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What is scoliosis?
Scoliosis refers to an abnormal lateral curvature (bending) of the spine and may occur at any time during a child’s development, from fetal stage until after passage to adulthood. The spine may have an “S” or “C” shape, while at the same time it may rotate and result in chest wall deformities, i.e. unleveled shoulders, shoulder blade prominence, rib or loin hump. On many occasions, we may feel that clothes just do not fit us well.
What causes scoliosis?
- 80% of the cases are idiopathic scoliosis of unknown etiology.
- Abnormal bone formation of the spine may result in congenital scoliosis.
- A number of neuromuscular conditions, such as cerebral palsy, muscular dystrophy, the Marfan or Ritter syndromes, etc, may afflict neural and muscular function and cause neuromuscular scoliosis.
Indicatively, the Scoliosis & Spinal Department at IASO Children’s Hospital provides established diagnosis and specialized treatment in children suffering from:
- Back pain
- Spinal disc herniation
- Occipitocervical instability
All the above conditions are performed via several procedures, such as:
- Spinal injections to manage back pain and/or sciatica-One Day Clinic
- Decompression/Discectomy in cases of disc herniation or lumbar stenosis-overnight hospital stay
- Occipitocervical stabilization in cases of instability or stenosis
- Removal of hemivertebra and performance of selective spinal fusion for growth modulation and congenital scoliosis prevention
- Percutaneous pars fracture repair to prevent spondylolisthesis-overnight hospital stay
- Growth Rod Systems to control early-onset scoliosis
- MAGEC rods implantation in cases of early-onset scoliosis and lengthening in the Outpatient Department
- Anterior or/and posterior spinal fusion for the final treatment of scoliosis/kyphosis.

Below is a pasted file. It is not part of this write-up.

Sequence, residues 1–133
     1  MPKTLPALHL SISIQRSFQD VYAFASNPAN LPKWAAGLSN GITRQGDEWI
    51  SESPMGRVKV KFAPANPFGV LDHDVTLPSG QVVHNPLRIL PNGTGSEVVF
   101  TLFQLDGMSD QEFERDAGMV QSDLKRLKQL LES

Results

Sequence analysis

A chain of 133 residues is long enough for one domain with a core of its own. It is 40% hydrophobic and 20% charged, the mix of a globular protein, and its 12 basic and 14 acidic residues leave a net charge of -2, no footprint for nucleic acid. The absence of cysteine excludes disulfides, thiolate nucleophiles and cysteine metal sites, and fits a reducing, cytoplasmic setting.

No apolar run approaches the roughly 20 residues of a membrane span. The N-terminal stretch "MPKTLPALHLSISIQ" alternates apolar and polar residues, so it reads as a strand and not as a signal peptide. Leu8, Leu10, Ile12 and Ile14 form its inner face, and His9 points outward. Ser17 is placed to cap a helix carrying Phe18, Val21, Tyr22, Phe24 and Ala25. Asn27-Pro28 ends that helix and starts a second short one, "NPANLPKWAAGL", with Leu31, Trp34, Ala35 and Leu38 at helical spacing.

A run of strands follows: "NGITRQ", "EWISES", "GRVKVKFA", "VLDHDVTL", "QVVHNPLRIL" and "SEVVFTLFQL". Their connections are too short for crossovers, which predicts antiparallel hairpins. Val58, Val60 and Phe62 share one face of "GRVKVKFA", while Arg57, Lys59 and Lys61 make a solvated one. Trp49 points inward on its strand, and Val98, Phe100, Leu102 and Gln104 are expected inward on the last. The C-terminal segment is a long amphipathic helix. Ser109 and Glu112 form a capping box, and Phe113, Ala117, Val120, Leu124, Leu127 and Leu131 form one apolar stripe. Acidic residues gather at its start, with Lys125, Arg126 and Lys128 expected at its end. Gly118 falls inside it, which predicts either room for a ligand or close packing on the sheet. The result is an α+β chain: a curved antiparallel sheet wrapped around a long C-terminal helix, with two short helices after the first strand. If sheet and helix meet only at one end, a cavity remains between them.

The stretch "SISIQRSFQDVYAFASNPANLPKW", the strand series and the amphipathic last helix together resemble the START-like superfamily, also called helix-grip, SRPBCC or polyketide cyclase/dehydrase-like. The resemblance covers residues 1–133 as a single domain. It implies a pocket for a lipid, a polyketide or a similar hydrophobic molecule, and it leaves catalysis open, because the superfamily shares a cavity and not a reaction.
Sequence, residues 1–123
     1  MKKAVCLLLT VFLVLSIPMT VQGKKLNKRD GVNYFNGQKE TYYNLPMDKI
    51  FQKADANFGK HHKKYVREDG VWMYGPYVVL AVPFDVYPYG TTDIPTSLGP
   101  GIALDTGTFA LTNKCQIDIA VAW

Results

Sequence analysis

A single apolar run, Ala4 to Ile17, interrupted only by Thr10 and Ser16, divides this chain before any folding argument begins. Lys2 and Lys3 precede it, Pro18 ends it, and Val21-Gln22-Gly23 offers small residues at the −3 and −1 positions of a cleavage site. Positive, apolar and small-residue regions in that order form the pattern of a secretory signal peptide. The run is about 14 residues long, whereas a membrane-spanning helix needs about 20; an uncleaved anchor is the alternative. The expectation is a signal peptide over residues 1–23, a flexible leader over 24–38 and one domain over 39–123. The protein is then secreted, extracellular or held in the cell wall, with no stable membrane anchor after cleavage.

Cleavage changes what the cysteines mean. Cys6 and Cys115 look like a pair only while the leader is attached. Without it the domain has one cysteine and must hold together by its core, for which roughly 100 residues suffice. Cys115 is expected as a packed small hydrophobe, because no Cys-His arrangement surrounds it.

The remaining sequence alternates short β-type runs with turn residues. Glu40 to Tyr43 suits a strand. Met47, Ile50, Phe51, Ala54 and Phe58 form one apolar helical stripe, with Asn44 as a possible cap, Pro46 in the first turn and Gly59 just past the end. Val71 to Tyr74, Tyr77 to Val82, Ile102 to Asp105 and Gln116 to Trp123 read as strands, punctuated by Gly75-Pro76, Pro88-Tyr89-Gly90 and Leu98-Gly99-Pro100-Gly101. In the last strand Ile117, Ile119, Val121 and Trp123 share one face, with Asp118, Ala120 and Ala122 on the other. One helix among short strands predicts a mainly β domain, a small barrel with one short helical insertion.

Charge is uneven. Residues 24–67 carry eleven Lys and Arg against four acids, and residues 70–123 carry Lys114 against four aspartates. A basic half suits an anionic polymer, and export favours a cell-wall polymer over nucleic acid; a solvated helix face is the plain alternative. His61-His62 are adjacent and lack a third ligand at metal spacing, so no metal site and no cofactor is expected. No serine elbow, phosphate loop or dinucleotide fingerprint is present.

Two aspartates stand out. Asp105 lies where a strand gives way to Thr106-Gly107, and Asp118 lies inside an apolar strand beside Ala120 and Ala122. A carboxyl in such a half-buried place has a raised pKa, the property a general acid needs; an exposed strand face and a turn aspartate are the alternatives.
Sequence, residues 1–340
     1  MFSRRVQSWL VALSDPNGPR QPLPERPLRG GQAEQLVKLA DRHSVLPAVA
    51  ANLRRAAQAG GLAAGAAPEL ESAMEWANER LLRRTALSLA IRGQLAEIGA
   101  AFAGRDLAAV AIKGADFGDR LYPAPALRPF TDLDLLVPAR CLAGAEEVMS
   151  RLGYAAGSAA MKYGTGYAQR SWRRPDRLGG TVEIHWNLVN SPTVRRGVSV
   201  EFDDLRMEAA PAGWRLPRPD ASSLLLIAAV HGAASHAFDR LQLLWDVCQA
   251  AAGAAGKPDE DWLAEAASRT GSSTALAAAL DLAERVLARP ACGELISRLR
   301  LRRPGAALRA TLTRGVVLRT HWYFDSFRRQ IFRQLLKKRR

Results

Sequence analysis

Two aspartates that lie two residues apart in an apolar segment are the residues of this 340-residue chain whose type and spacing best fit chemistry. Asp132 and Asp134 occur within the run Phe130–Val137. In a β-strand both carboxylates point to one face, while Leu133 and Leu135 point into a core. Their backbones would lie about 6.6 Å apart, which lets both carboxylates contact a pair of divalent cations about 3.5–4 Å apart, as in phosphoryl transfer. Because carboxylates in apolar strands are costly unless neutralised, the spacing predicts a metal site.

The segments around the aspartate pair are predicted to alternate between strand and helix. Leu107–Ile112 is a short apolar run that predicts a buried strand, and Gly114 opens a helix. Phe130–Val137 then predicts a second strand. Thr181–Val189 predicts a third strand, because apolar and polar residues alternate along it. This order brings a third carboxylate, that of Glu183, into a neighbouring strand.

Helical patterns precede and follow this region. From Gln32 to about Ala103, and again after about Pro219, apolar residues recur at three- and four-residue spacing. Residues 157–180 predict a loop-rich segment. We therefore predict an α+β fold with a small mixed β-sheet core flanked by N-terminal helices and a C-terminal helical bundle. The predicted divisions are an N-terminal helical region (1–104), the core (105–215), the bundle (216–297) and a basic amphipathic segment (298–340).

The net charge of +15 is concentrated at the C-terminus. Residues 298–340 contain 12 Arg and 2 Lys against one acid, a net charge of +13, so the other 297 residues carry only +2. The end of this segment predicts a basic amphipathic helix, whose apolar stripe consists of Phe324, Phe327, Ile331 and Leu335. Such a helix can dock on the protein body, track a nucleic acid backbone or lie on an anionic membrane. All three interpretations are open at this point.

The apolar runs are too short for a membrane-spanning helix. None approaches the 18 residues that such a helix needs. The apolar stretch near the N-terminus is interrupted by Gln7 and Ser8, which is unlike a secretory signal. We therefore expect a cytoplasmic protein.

How is scoliosis managed?
The objective in scoliosis management is to prevent the spinal curvature from deteriorating. Management depends on child’s age, severity, spinal curvature type, and underlying diagnosis. Basically, there are three types of treatments available for scoliosis:
- Use of brace
MAGEC rods constitute the latest advance in early-onset scoliosis. With the performance of two minor incisions on the upper and lower part of the spine, we place a magnetic rod which helps us maintain the current scoliosis grade under control, while at the same time we can lengthen it in order to follow a child’s spine development. The lengthening is conducted at the Outpatient Department, and is painlessly performed within seconds, using a magnet-guide on the skin.
The surgeons of the Departmenthave gained high specialization and extensive experience in large centers abroad, such as the Great Ormond Street Hospital in London which treats the largest series of patients with MAGEC rods worldwide.
Scoliosis: Myths and Truths
- Just because your child suffers from scoliosis does not mean that he/she cannot do sports or attend physical education classes at school. On the contrary, children affected by scoliosis should engage in sports activities, as it helps them maintain their spinal muscles in a good condition.
- A woman suffering from scoliosis can have children normally, and even give birth naturally (vaginal delivery). Scoliosis does not affect conception and commonly does not cause any problems during pregnancy or delivery.
- To date, surgery is the only treatment method in correcting spinal curvatures. Physiotherapy and physical exercise can improve painful symptoms and body posture.
- It is highly uncommon for spinal instrumentation to activate metal detectors.
- Scoliosis cannot be prevented, and it has been demonstrated not to associate with carrying the school bag or any action or omission of the child or parent.
- You should never blame yourself for not seeing the curvature on your child’s spine earlier. Scoliosis can rapidly deteriorate within a few months, and especially during adolescence.
- There is a common belief that following a scoliosis surgery one cannot exercise. This is not true. Almost all patients, within a reasonable period of time, resume their sports activities, such as football, basketball, horseback riding, or even skydiving!
- “If my child is operated, he/she will become paralyzed”- a common parental fear that is nothing but a lie of the past. With modern surgical techniques and continuous intraoperative monitoring of the neural function (neuromonitoring) performed at the Scoliosis and Spinal Department, the risk of paralysis is less than 0.25%.